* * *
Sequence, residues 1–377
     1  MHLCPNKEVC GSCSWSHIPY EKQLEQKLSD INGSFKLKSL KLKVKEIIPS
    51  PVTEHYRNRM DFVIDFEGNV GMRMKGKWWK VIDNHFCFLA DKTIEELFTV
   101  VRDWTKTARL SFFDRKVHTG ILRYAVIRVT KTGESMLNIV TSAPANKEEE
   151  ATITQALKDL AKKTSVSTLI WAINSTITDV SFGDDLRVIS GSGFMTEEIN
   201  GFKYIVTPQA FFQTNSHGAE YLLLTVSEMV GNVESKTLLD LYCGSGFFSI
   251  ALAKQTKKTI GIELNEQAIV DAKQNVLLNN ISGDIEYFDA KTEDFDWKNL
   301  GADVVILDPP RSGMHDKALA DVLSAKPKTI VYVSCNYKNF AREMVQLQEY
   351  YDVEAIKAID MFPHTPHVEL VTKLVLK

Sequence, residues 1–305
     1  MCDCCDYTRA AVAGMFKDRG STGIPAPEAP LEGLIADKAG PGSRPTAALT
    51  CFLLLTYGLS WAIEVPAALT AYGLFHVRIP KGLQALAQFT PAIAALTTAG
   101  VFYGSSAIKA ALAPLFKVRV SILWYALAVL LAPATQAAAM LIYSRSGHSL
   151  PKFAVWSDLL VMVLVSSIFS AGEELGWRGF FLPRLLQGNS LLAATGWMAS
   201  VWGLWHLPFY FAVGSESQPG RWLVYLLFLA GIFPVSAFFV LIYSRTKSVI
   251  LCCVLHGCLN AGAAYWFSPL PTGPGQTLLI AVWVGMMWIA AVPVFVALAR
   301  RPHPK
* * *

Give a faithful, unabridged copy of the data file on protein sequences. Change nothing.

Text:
Sequence, residues 1–377
     1  MHLCPNKEVC GSCSWSHIPY EKQLEQKLSD INGSFKLKSL KLKVKEIIPS
    51  PVTEHYRNRM DFVIDFEGNV GMRMKGKWWK VIDNHFCFLA DKTIEELFTV
   101  VRDWTKTARL SFFDRKVHTG ILRYAVIRVT KTGESMLNIV TSAPANKEEE
   151  ATITQALKDL AKKTSVSTLI WAINSTITDV SFGDDLRVIS GSGFMTEEIN
   201  GFKYIVTPQA FFQTNSHGAE YLLLTVSEMV GNVESKTLLD LYCGSGFFSI
   251  ALAKQTKKTI GIELNEQAIV DAKQNVLLNN ISGDIEYFDA KTEDFDWKNL
   301  GADVVILDPP RSGMHDKALA DVLSAKPKTI VYVSCNYKNF AREMVQLQEY
   351  YDVEAIKAID MFPHTPHVEL VTKLVLK

Sequence, residues 1–305
     1  MCDCCDYTRA AVAGMFKDRG STGIPAPEAP LEGLIADKAG PGSRPTAALT
    51  CFLLLTYGLS WAIEVPAALT AYGLFHVRIP KGLQALAQFT PAIAALTTAG
   101  VFYGSSAIKA ALAPLFKVRV SILWYALAVL LAPATQAAAM LIYSRSGHSL
   151  PKFAVWSDLL VMVLVSSIFS AGEELGWRGF FLPRLLQGNS LLAATGWMAS
   201  VWGLWHLPFY FAVGSESQPG RWLVYLLFLA GIFPVSAFFV LIYSRTKSVI
   251  LCCVLHGCLN AGAAYWFSPL PTGPGQTLLI AVWVGMMWIA AVPVFVALAR
   301  RPHPK